Despite earnings beats, expectations dim for later quarters
By Caroline Valetkevitch
NEW YORK (Reuters) - Most U.S. companies so far this earnings season have managed to beat Wall Street profit forecasts despite weak sales, but investors hoping corporate headwinds have died down may need to temper their enthusiasm.
Of the 169 Standard & Poor's 500 companies that have reported so far, 71 percent beat earnings estimates, many of which were modest to begin with, Thomson Reuters data showed. But they did so with help from share buybacks, cost-cutting and other measures, instead of robust sales growth.
Despite those beats, analysts are now trimming their profit and sales expectations for the second quarter on the belief that the stronger U.S. dollar and sharply lower oil prices, widely held to have hurt first-quarter results, will continue to dampen business growth for a while.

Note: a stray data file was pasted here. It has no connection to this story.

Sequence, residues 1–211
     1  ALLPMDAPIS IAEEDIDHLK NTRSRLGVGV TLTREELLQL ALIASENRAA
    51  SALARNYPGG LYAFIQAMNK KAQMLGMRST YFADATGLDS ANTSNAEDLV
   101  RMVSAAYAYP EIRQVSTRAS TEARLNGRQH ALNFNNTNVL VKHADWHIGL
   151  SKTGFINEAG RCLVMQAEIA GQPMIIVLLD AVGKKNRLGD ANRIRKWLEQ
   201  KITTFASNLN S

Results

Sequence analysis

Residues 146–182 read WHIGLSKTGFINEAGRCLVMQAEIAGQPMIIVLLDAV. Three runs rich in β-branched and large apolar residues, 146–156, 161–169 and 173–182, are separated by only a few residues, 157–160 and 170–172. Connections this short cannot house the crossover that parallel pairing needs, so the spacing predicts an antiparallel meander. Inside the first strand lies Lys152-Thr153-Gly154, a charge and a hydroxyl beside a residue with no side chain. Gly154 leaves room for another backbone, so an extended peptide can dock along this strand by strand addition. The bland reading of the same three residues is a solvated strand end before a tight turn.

"The fact that you're seeing some companies beat on the bottom line is not going to change the story. You're going to see some pretty ugly numbers over the next couple of quarters," said Dan Suzuki, senior U.S. equity strategist at Bank of America-Merrill Lynch in New York.
Revenue in the first quarter has disappointed - just 44 percent of the early reporters topped analysts' forecasts - and sales are expected to have dropped 3.3 percent from a year ago, Thomson Reuters data showed.
First-quarter earnings are expected down 1.5 percent from a year ago, based on actual results and estimates for the rest of the S&P 500.
Of the early reporting companies for the first quarter, 59 have beaten earnings estimates but missed on sales, with the trend seen in a wide range of sectors.
Earnings expectations have improved for most S&P sectors since April 1, with financials .SPSY on track to post the biggest profit growth in the quarter. Continued...